This invention provides substantially automatic gage which simulates the in situ use environment of the oil ring assembly and exactly measures the tension thereof so as to determine the pressure it will exert against the cylinder wall. Further, in view of the fact that the spacer element is of a connected segment type, it must be gaged while contained in a holding fixture which simulates the actual piston ring groove in which it will be installed.
The use of the holding fixture type of gage has built-in element of friction which must be substantially removed in order to obtain an accurate calibration of the tension factor only. As will be hereinafter described, this gage substantially removes the friction factor by means of a unique air vibrator system incorporated thereinto.
In order to achieve proper operation in use and to avoid the problems discussed herein, piston rings of the same size and type, either solid or vented, should have substantially uniform characteristics. For example, a plain compression snap ring should open a pre-selected distance at its parting end and, upon closure, should form as near a circular outline as possible. It should require a predetermined force to close the ring at its parting end so that the ring will exert a uniform predetermined peripheral pressure against a cylinder wall.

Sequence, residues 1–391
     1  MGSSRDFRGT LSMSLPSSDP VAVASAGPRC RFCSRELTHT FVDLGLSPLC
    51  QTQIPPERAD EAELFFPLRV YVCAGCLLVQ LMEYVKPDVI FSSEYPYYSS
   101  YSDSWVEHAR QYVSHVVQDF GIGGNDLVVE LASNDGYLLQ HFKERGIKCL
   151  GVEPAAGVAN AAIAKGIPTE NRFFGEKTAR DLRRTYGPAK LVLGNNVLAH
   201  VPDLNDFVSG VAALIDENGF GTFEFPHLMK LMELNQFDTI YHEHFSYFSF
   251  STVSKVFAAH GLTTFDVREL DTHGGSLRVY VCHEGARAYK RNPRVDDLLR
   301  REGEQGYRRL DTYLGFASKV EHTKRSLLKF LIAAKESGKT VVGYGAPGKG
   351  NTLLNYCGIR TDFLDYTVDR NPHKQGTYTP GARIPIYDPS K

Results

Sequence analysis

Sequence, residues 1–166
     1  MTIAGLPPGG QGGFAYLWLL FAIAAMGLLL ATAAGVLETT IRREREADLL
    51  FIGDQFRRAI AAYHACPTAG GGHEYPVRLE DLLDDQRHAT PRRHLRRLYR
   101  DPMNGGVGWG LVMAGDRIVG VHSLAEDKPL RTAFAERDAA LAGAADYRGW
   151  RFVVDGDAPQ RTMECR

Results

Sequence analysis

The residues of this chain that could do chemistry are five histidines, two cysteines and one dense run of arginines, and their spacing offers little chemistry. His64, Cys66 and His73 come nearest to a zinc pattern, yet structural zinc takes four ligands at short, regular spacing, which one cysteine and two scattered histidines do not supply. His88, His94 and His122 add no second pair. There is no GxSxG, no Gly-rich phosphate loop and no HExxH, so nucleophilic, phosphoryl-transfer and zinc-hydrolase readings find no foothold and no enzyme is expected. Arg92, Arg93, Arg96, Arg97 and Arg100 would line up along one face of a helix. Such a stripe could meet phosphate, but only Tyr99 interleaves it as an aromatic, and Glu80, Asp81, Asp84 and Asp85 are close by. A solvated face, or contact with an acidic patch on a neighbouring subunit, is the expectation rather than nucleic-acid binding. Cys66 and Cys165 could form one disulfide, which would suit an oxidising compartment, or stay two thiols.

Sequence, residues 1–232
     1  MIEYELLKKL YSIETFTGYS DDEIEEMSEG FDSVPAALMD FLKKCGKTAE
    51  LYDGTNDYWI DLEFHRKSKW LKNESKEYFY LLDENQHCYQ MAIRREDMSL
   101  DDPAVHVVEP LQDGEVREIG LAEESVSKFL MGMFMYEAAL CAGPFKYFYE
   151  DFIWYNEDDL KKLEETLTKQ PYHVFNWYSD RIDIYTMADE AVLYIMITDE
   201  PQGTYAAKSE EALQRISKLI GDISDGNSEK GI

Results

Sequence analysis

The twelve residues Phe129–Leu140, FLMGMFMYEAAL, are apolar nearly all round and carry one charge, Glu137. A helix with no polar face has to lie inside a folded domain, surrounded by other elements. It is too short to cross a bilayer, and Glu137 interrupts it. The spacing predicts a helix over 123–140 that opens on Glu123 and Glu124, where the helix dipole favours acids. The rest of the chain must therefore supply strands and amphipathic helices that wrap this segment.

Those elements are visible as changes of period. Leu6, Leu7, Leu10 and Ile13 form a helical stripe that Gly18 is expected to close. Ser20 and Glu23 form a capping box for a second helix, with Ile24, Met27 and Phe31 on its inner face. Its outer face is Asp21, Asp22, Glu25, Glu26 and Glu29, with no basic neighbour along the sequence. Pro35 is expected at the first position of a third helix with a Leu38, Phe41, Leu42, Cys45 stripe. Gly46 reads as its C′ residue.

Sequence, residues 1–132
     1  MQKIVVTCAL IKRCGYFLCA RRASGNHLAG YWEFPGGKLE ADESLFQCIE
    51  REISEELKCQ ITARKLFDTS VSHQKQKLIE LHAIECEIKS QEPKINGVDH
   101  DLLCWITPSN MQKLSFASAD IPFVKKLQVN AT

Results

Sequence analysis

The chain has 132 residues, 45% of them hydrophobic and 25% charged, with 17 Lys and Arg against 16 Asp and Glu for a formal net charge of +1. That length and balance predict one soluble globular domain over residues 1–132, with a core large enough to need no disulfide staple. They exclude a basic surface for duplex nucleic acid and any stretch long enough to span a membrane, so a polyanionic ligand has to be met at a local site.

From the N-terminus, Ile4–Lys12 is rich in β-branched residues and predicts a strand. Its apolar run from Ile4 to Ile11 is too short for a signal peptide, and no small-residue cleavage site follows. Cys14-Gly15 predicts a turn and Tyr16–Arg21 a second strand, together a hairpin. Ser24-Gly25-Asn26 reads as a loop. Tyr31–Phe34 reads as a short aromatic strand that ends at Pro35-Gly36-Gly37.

It is necessary that all rings of a particular size and type should be substantially uniform and identical. A ring designed for a certain size of cylinder and with a diameter and cross sectional dimension to correspond will also have specified with respect to it, a tension which is a measure of force required to close the ring at its parting to the dimension it will be in use. Thus, rings must be tested for acceptance or rejection in conformance to such specifications within specified tolerance limits. Therefore, both the manufacturer of the rings and the user in the engine assembly plant must inspect the rings to deterine that they conform to the desired specification.